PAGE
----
BMCR 2020.07.06

The great fire of Rome: life and death in the ancient city

Joseph J. Walsh, The great fire of Rome: life and death in the ancient city. Witness to ancient history . Baltimore: Johns Hopkins University Press, 2019. 174 p.. ISBN 9781421433714 $19.95 (pb).


Readers of BMCR will have no trouble recognizing the focus of this book, the great fire that, in July of AD 64, broke out in the valley of the Circus Maximus in Rome, spread rapidly, and over the course of nine days destroyed a good part of the city. We know about the fire from Tacitus, Suetonius, Cassius Dio, and scattered references in other authors, as well as from archaeological evidence and a few inscriptions. In the five fast-paced chapters of this book, Joseph Walsh gathers and assesses the evidence, assembles a history of the fire and its consequences, and sets out those materials in a way that will be useful for classicists and readily comprehensible to non-classicists.

Walsh arranges his material chronologically. First, he describes the nature of life in Rome, the city’s crowded streets, packed dwellings, and consequent dangers (Chapter 1). Chapter 2, “Inferno,” is primarily an attempt to trace the path(s) of the fire and to depict the pandemonium as people tried to resist it or flee. Nero appears, quickly taking center stage: there is no fiddle here, but Nero dresses for the stage and, while the fire rages on, sings of the fall of Troy. In Chapter 3, we turn to events after the fire.  A massive cleanup can be assumed, but we soon move on to the big question: did Nero start the fire? Walsh presents arguments for and against in agonistic fashion, alternating between “Prosecution” and “Defense.” In the end, he is agnostic: “no judgment can be made.” But others could be, and were, suspected: the Christians, whom Nero managed to turn into scapegoats. Chapter 4 deals with the rebuilding of Rome, focusing primarily on Nero’s plans for a new, rebuilt, city, and above all his new palace, the Domus Aurea. And finally, in Chapter 5, we turn to longer-term consequences of the fire, from the building projects of the Flavian and later emperors to the persecution of Christians, martyrdoms, and the location of martyrs’ tombs. Walsh’s basic narrative is supported by endnotes, three maps of the fire, two appendices (“Sources” and “Proposed Timeline of the Great Fire”), and suggestions for further reading (not a formal bibliography).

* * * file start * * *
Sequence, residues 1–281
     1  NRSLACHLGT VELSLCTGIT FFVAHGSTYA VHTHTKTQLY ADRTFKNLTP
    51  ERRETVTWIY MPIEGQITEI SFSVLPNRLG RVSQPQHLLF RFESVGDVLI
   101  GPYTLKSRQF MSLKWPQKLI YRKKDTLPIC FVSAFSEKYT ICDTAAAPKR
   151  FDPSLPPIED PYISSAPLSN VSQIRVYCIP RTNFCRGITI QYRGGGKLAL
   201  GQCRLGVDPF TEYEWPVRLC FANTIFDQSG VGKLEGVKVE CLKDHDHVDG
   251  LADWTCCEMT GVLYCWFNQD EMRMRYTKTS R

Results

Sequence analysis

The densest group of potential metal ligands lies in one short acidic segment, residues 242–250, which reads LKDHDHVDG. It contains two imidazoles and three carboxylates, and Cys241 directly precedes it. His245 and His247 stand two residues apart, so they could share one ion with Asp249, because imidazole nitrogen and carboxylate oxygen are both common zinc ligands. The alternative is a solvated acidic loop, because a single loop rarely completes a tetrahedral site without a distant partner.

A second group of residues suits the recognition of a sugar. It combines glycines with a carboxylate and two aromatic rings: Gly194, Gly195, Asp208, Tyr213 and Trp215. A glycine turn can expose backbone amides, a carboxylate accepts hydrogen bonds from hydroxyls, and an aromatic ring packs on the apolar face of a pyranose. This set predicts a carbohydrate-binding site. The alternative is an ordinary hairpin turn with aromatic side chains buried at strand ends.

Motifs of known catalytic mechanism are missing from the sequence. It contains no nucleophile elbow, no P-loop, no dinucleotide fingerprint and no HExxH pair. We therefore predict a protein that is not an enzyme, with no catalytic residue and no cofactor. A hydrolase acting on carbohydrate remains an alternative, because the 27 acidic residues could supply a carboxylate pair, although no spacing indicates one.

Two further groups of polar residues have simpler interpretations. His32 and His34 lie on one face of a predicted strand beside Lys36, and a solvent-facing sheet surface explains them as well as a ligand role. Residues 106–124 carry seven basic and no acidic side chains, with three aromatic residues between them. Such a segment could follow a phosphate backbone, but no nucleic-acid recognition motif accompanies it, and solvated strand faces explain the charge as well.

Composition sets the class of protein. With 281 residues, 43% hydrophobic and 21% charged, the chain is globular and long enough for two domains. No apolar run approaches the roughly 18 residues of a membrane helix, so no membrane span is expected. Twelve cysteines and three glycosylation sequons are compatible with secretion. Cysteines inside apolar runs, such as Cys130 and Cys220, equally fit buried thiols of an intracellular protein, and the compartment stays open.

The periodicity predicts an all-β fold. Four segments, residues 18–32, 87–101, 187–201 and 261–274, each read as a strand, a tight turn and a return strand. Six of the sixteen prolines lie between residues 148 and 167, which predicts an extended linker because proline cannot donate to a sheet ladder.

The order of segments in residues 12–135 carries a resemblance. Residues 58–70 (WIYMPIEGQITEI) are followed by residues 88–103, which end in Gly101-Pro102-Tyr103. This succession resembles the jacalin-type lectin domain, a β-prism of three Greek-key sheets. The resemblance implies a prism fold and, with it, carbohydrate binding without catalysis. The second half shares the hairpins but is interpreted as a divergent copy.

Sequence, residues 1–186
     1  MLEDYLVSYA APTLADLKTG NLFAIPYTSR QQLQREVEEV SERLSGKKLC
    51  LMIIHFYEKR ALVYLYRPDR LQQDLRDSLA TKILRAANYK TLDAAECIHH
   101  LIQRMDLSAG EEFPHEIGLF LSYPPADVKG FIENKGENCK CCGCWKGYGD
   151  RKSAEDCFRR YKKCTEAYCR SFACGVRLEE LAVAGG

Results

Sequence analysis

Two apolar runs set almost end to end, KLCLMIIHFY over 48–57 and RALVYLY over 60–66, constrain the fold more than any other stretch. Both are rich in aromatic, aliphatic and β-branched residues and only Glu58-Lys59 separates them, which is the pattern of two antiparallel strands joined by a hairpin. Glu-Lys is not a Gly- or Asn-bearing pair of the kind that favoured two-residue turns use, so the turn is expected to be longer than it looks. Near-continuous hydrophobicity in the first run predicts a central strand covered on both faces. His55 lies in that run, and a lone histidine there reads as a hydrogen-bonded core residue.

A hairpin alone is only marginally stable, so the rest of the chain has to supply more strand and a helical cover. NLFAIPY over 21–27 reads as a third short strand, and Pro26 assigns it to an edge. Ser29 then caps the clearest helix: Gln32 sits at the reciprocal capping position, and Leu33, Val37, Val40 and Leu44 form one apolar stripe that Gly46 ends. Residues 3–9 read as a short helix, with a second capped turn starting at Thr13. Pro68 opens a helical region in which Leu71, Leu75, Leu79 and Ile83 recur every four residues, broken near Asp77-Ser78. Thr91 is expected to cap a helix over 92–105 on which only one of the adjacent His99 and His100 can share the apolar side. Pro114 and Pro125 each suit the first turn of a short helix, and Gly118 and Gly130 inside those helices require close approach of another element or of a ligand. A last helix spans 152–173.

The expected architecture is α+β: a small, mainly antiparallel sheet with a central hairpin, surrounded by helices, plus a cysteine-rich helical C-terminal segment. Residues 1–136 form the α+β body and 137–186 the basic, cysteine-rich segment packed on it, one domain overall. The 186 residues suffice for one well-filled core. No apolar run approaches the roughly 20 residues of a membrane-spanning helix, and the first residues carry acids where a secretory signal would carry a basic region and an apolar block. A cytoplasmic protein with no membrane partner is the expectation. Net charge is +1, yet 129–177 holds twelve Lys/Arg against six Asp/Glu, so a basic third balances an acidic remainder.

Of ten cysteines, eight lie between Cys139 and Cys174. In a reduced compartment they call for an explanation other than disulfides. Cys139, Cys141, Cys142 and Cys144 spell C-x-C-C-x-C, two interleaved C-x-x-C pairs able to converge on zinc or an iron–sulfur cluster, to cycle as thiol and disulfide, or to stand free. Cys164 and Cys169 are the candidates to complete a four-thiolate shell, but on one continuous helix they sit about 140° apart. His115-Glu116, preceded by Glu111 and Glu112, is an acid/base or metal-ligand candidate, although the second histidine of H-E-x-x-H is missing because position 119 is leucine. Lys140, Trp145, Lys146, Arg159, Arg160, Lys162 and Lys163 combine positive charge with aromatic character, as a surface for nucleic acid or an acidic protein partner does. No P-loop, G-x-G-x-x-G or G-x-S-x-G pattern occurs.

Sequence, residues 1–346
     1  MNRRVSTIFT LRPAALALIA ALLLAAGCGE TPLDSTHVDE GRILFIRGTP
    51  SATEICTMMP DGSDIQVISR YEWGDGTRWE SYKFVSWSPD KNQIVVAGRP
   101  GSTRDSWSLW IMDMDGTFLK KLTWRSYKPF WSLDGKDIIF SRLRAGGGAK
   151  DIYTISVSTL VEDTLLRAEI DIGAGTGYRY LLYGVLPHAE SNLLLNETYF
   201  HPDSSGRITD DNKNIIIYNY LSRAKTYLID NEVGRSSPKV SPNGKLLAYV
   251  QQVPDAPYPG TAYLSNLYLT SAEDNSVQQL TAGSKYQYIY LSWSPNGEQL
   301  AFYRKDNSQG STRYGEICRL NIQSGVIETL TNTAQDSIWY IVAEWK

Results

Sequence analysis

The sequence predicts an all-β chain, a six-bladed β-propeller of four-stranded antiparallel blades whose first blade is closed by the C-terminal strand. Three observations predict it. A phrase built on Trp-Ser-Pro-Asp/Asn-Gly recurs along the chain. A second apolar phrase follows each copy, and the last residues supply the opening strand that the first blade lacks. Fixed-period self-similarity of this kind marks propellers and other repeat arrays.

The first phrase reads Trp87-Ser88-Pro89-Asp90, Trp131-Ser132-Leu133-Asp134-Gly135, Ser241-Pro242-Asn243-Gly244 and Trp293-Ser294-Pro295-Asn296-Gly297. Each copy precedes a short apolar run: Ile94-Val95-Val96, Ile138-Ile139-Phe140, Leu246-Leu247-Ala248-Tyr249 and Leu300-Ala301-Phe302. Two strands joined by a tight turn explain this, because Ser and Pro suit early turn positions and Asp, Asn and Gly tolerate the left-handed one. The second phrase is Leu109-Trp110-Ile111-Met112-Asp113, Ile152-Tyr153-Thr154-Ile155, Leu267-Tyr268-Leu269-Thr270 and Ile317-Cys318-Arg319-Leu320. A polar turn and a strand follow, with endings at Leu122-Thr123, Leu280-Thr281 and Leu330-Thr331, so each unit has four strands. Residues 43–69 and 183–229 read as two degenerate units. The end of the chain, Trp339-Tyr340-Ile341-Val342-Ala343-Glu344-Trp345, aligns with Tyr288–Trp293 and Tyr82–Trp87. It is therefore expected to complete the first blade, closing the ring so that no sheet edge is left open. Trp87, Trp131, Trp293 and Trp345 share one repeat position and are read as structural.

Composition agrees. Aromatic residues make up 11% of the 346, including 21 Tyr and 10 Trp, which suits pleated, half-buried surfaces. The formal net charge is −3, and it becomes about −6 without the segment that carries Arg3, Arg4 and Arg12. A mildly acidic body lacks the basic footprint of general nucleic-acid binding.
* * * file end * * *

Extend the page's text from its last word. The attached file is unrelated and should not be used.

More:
Various thematic elements run through all or most of the chapters, coming into view from time to time, then disappearing for some or many pages. We may take a look at the obvious ones.

First, the fire itself. There are three principal descriptions of the fire: in the Prologue; most of Chapter 2, “Inferno”; and Appendix B, a timeline of the fire. In reconstructing the path of the fire and the timeline, Walsh has wisely relied on the careful work of Clementina Panella.[1] In describing the scenes on the streets, as people reacted to the flames and their danger, he adopts the metaphorical language of Tacitus—above all, the fire as a hungry beast—to create a dramatic but credible narrative. The maps Walsh provides are clear, but it would be useful to have a catalog of the places in Rome where archaeologists have uncovered traces or hints of the fire,[2] and to have those places indicated on the maps. They would help establish the extent of the fire, though not its development through time.

Every bit as pervasive as the fire itself is Nero. In Walsh’s book, he appears first within the description of the fire in Chapter 2, and once introduced he is never far from the action for long. Walsh surveys Nero’s new regulations that were intended to mitigate the damage of the fire and protect against future fires, and then turns to a consideration of the charges made against Nero. Some thought he was responsible for the fire. When the Christians instead were blamed and then executed in grotesque ways, Nero was closely involved, dressing as a charioteer and strolling about. Walsh argues that Nero’s actions were intended as performance—a spectaculum—and that they conveyed Nero’s conception of life as performance.

A third recurring element, the “Great Fire’s extraordinary aftermath and legacy” (p. 1), provides the subject matter for the final three chapters. Many aspects of that legacy are, not surprisingly, associated directly with Nero. It was he who conceived of a “new Rome,” which Suetonius tells us was to be called Neropolis. This new city would include rational city planning, new rules and structures, and, above all, the Domus Aurea, a new palace for the emperor. Walsh provides a useful summary of what we know of this palace, including relatively recent excavations, and links its various parts to Nero’s known tastes; it provided a fitting stage for the emperor’s performative life. It was also Nero who shifted the blame for the fire from himself and onto the Christian community in Rome, and that in turn set in motion a series of events that by now constitute a very substantial legacy.